Cookbook #200: Boston Cooking-School Cook Book, F. M. Farmer, Little, Brown, & Co., Boston, 1906 edition, perhaps the 1911 revised printing.
The Boston Cooking-School Cook Book is my second-oldest cookbook. It was published in 1906! I hold it in my hands in amazement. The pages are a little brittle, and some of them are falling out, but it’s in pretty good condition, considering. I obtained this book from the Ruth C. Vandenhoudt house when I was in my teens. Ruth had carefully jacketed the front and back covers with canvas cloth, hand sewing the flaps to keep the cover in good condition. I just discovered the good condition of the uncovered book this week, as I gingerly pulled the jacket off the front cover to reveal the 111 year old cover in near-perfect condition (see photo above). Here is how she jacketed the cover:
Fannie Merritt Farmer is the author of my 1906 edition of the Boston Cooking-School Cook Book. I learned about Fannie Farmer when I covered my 1965 Fannie Farmer Cookbook: “Fannie Farmer, born in 1857, was raised in a family that valued education, but could not attend school because of a crippling illness as a teen. So she started cooking at a boarding house at her parents home. Her interest in cooking took her to the Boston Cooking School, where she excelled as a student and eventually became school principal.” Please refer to my post on the Fannie Farmer Cookbook for my full discussion.
When was this book published?
My copy of the Boston Cooking-School Cook Book is missing the title page – including the publication date. About 5 years ago, I put myself into “sleuth mode” to figure out when it was published. My first guess was “1936”, but no, F. M. Farmer is listed as the author of Boston Cooking-School Cook Book editions only up to 1918 (Wikipedia, Boston Cooking-School Cook Book). Thus, my book is the 1896, 1906, or the 1918 edition.
To my amazement, Google/HathiTrust has full text digital versions of the1896, 1906, and 1918 editions online. Each page of each book was digitized and uploaded to the “cloud” so that nerds like me can read the entire book. I spent quite a bit of time perusing these fascinating books, searching for clues to match the printed edition in my hands to the proper edition year.
Brownies and War, I find, are enough to narrow down my edition. Brownies as we know them – chocolate-y bar cookies – were first made in the early 1900s:
“The earliest-known published recipes for a modern style chocolate brownie appeared in the Home Cookery (1904, Laconia, NH), Service Club Cook Book (1904, Chicago, IL), The Boston Globe (April 2, 1905 p. 34), and the 1906 edition of Farmer cookbook. These recipes produced a relatively mild and cake-like brownie.” (Wikipedia, accessed 2017)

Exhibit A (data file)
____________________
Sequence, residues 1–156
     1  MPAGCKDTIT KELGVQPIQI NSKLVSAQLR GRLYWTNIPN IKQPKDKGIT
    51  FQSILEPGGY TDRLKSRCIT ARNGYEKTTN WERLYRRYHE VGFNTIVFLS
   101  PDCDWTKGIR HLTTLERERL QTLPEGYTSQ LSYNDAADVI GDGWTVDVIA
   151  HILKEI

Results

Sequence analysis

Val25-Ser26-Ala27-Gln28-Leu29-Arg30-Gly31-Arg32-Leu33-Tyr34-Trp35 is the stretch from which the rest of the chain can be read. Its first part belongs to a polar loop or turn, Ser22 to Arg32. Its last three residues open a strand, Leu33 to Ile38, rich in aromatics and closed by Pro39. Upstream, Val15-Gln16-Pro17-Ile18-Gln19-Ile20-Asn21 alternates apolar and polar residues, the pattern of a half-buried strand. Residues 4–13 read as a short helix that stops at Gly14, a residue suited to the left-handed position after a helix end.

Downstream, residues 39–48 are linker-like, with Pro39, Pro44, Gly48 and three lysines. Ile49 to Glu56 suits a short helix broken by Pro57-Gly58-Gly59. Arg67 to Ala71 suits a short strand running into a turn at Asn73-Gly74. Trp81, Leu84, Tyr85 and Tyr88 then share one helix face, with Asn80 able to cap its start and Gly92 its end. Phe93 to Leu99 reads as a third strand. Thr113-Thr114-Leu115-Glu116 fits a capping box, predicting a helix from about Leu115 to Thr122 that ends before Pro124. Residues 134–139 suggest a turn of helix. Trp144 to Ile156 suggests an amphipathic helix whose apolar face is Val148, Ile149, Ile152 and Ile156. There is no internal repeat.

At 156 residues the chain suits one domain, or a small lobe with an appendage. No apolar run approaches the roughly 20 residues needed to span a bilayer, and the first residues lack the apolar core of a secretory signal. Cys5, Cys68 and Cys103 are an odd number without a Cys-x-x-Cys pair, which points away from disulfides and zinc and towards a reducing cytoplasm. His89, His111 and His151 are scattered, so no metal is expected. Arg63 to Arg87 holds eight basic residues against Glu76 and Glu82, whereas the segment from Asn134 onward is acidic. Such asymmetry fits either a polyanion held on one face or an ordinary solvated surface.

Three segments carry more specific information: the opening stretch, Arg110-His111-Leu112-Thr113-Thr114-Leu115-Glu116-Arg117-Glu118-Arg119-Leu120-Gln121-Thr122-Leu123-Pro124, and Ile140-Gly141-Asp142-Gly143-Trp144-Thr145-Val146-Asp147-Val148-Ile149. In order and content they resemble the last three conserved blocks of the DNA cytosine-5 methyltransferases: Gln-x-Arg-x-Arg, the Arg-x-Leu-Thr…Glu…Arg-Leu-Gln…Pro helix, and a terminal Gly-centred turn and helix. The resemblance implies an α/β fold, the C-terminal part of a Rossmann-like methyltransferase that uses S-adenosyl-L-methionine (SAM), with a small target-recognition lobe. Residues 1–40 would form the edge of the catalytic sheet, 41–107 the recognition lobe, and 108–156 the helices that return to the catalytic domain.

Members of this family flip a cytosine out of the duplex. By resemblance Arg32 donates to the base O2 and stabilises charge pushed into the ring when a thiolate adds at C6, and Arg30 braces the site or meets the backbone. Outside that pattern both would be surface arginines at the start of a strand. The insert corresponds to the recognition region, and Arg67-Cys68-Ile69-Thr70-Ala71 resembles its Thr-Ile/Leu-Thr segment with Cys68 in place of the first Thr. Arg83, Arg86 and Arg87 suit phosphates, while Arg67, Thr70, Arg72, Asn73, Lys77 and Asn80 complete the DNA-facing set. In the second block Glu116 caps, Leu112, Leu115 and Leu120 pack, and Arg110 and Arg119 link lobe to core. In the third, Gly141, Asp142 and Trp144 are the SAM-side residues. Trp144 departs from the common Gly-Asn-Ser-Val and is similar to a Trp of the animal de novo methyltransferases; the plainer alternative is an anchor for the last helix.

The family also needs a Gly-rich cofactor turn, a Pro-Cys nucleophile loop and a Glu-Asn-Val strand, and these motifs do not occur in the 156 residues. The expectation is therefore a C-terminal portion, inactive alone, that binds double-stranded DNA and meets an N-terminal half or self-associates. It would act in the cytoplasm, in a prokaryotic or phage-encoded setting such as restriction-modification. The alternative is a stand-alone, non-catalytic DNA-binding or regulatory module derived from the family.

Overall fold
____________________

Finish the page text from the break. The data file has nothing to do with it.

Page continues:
My copy of the Boston Cooking-School Cook Book has a recipe for chocolate brownies on page 495. That narrows my edition to 1906 or 1918.
A careful read of the 1918 edition showed me that it has several references to war-time recipes (The Big One, or as we know it now, World War II). Here is an example:
My copy does not have this same text in the coffee section. Therefore, I have the 1906 edition.
As extra confirmation, when I access Wikipedia today (2017) I find a Boston Cooking-School Cook Book entry. The entry lists the number of pages in each edition:
- 1st edition, 1896. 567 pp.
- 2nd edition, 1906. 648 pp.
- 3rd edition, 1918. 656 pp.
My copy has 648 pages, and this concurs with my prior research.
Each of the editions had revisions, for instance, the 1906 version that I found digitized online is noted as revised in 1911. Since I am missing the very first pages, I can’t be certain which revision (or which printing year) of the 1906 edition I have.
First sections of this book
Below is the dedication page. It is no longer attached to the book. Note Ruth C. Vanderhoudt’s signature. As to the printed dedication, I like the phrase “scientific cookery”.
The next page prints this quote from “Ruskin”, probably John Ruskin, a “writer, art critic, draughtsman, watercolourist, social thinker” in the nineteenth century. I really like this quote.
In her preface, Fanny Farmer writes: “During the last decade much time has been given by scientists to the study of foods and their dietetic value, and it is a subject which rightfully should demand much consideration from all. I certainly feel that the time is not far distant when a knowledge of the principles of diet will be an essential part of one’s education. Then mankind will eat to live, will be able to do better mental and physical work, and disease will be less frequent.”